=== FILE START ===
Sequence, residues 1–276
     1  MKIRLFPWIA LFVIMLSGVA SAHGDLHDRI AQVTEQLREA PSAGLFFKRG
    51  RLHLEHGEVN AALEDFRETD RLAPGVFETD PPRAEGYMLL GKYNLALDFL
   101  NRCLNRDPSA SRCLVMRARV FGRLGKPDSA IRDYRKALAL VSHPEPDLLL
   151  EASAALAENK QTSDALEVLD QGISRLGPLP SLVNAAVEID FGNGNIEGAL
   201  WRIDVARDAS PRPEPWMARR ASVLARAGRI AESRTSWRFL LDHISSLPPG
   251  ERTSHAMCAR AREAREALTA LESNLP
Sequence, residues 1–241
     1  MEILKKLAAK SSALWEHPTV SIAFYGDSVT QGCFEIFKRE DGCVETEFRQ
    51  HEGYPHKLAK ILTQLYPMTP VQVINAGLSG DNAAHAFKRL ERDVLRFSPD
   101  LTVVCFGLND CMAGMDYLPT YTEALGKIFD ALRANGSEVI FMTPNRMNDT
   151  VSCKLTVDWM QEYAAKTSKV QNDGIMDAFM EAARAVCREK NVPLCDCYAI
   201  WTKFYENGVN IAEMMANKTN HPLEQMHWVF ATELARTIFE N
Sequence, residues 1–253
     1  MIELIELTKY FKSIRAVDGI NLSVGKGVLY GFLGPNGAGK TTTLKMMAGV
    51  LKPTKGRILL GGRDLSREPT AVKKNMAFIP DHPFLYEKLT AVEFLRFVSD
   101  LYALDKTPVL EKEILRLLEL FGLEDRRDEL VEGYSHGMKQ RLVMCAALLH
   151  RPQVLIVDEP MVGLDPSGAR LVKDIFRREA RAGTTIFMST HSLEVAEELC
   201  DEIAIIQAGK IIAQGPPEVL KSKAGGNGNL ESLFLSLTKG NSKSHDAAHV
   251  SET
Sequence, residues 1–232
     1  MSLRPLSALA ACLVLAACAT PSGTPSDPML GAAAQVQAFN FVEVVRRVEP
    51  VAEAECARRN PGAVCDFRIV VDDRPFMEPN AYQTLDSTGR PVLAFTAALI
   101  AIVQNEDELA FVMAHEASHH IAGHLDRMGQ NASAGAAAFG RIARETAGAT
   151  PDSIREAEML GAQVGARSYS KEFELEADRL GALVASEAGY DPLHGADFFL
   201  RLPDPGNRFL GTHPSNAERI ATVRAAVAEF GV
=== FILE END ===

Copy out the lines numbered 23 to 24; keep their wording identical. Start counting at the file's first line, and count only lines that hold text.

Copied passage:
    51  VAEAECARRN PGAVCDFRIV VDDRPFMEPN AYQTLDSTGR PVLAFTAALI
   101  AIVQNEDELA FVMAHEASHH IAGHLDRMGQ NASAGAAAFG RIARETAGAT